The term first came into mainstream prominence in the 1990’s in a book by Daniel Goleman, with title“ Emotional Intelligence”. He proposed that it was the ability of an individual to identify and label their emotions and feelings and that of other people. This would then allow that person to be guided in their thinking and behaviour in a more informed manner.
Perhaps the first obstacle for many might be determining their emotions and feelings. It is not a given that everyone is able to identify what it is they are experiencing, or have the skills to tap into that process.
Richard Miller PhD – Founder of the iRest® Institute offers this definition:
“ emotions are psycho-physiological states that move us into action. They are the expressions related to our perceptions and beliefs about objects or people e.g.: anger, sadness, joy, trust etc.
feelings involve sensations that involve perception through the element of touch or other sensory factors e.g.: warm, cold, comfort, discomfort etc.”
He advocates that feelings and emotions are vital feedback mechanisms that feed us information e.g.: anger = boundaries being violated or ignored, fear = perceived or real danger, anxiety= not sufficient self care.
When we practise Emotional Intelligence, we learn to welcome all emotions and subsequent feelings without resistance. We comprehend their purpose and accept that there is no right or wrong, good or bad, positive or negative, just information to know. Armed with this insight, we can then choose to RESPOND rather than REACT to a situation or a person.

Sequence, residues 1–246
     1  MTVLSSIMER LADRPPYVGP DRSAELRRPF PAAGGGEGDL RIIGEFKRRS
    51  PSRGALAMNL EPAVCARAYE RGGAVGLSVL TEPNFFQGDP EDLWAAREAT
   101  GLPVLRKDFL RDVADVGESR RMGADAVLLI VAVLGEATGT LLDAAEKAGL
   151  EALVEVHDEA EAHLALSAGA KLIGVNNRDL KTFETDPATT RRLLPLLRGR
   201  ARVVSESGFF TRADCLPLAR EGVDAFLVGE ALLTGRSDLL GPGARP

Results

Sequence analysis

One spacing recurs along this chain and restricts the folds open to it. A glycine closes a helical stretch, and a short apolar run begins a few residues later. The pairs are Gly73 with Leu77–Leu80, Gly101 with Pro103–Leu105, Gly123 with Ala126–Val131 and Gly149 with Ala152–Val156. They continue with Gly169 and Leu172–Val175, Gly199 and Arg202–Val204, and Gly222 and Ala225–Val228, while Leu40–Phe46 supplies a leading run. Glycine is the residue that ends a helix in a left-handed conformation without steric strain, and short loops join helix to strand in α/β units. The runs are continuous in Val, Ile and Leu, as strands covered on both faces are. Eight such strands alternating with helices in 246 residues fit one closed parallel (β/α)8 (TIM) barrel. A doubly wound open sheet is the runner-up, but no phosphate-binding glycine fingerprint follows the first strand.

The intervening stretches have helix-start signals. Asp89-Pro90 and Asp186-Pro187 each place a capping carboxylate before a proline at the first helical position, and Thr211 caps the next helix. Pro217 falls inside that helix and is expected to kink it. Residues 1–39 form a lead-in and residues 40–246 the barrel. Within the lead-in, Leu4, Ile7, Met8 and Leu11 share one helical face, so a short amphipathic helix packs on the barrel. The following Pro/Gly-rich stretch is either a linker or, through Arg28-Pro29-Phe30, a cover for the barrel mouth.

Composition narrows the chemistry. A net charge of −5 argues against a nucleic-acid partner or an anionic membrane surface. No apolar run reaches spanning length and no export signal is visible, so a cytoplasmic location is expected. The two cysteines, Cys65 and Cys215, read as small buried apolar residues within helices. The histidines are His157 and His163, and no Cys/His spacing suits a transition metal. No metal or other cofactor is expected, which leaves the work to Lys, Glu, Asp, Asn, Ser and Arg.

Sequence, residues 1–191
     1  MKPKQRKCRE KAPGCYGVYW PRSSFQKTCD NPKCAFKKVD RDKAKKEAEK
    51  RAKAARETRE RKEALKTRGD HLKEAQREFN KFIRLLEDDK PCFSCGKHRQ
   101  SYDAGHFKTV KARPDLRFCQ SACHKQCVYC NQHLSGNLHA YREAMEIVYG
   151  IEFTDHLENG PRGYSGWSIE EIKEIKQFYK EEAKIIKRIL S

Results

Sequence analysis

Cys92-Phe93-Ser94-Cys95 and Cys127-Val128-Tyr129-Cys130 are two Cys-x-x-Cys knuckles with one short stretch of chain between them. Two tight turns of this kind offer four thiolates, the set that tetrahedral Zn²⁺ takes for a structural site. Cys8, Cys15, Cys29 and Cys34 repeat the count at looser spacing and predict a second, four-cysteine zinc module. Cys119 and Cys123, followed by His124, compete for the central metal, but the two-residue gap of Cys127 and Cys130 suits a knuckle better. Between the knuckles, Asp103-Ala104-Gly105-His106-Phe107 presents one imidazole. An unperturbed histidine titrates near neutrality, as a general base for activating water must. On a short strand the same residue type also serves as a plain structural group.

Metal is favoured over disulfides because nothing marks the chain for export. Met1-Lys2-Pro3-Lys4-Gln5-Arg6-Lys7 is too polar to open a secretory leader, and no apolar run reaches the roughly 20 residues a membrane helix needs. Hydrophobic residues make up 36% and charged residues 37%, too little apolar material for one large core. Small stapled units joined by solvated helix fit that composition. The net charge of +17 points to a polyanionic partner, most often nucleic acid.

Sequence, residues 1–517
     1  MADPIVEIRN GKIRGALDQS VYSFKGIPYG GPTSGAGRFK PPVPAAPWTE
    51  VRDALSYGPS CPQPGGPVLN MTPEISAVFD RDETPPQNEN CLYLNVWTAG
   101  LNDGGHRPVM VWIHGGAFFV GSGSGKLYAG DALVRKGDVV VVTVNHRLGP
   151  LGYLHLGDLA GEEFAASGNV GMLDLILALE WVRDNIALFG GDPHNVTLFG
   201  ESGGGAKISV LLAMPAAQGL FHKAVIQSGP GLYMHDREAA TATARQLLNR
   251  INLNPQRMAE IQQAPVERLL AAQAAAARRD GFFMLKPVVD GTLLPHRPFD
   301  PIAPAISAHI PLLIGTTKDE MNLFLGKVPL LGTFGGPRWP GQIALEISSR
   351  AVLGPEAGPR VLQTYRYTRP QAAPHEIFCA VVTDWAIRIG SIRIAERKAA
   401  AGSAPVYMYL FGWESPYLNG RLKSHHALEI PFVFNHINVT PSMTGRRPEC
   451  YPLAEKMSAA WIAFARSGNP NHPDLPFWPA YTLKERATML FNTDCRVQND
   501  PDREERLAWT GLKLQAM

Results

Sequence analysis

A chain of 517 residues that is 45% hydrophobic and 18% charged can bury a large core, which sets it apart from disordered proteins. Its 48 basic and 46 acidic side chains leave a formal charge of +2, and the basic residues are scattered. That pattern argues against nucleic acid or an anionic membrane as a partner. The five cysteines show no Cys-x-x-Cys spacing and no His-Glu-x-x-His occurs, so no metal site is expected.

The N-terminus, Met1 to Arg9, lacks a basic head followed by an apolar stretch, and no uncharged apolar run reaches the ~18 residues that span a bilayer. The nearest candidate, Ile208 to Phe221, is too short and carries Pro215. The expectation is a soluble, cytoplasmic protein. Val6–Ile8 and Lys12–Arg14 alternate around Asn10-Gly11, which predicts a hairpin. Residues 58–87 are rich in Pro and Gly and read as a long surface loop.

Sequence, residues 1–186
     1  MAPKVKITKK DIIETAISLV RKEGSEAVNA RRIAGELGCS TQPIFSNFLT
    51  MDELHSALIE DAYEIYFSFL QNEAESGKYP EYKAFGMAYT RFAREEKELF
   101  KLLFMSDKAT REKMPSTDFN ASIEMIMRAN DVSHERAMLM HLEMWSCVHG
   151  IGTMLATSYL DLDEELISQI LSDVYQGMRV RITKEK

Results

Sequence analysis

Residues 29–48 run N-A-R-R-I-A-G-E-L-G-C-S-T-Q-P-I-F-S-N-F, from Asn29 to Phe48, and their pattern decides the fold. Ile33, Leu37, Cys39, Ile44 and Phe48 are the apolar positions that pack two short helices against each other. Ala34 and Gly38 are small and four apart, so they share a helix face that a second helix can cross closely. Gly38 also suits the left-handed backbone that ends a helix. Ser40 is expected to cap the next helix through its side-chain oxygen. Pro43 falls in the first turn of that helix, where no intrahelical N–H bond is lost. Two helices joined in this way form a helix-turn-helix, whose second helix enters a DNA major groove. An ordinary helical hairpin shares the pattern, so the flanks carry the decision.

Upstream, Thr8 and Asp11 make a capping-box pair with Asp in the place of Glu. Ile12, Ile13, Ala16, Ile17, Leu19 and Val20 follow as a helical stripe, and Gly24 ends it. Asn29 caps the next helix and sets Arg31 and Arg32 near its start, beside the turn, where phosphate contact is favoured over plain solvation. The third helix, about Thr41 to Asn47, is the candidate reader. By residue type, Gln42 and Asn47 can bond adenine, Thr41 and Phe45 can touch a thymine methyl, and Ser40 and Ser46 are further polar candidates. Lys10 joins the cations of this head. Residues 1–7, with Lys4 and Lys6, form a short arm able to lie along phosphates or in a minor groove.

Whilst the initial benefits of practising Emotional Intelligence may be self evident i.e.: greater self awareness and more conscious behaviours, the added benefits are the flow on effects to our relationships both personal and in the workplace and within the greater community.
- Greater self-control
- Emotional self-regulation
- Social self-awareness
- Enhanced communication
- Improved cooperation, teamwork, leadership
- Better conflict management
Sue Langley, Psychologist and Emotional Intelligence Expert talks about the necessary components of Brain Training as:
- Body Intelligence
- Emotional Intelligence (EI)
If we look at this from the yogic perspective we find some commonality. Current research validates what yoga has been promoting for thousands of years:
- Body Intelligence could be compared to Body Awareness, the yogic annamaya kosha and Breath Awareness, the yogic pranamaya kosha, as both of them are so intertwined. The body scan and breath sensing practised in iRest® and Hatha Yoga is in fact how we learn to be ‘ body intelligent’
- Emotional intelligence could be compared to the iRest® Yoga Nidra’s Sheath of Feelings and Emotions called manomaya kosha.
- Visualisation or in other words, the ability to create visual mental images is a big part of every iRest® meditation session and is perhaps most evident when working with our Inner resource.
Sue says that E.I is not about controlling emotions but learning how to manage them!
If you look at bodywork and breath work as openers, then yoga practice and iRest® Yoga Nidra training are two very nurturing ways of accessing our emotions and acknowledging our feelings. It offers us a gentle way to make change in our lives so that we become more aware of how we emote and how we feel.
Another option to assist with ways of accessing your emotional intelligence potential, might be to work with a counsellor. This offers you the chance to engage in a one on one session allowing you the time and support to identify areas of resistance and to formulate strategies to assist with moving forward.
ENHANCE YOUR EMOTIONAL INTELLIGENCE by participating in my upcoming courses:
or take advantage of Cherrie’s new client special.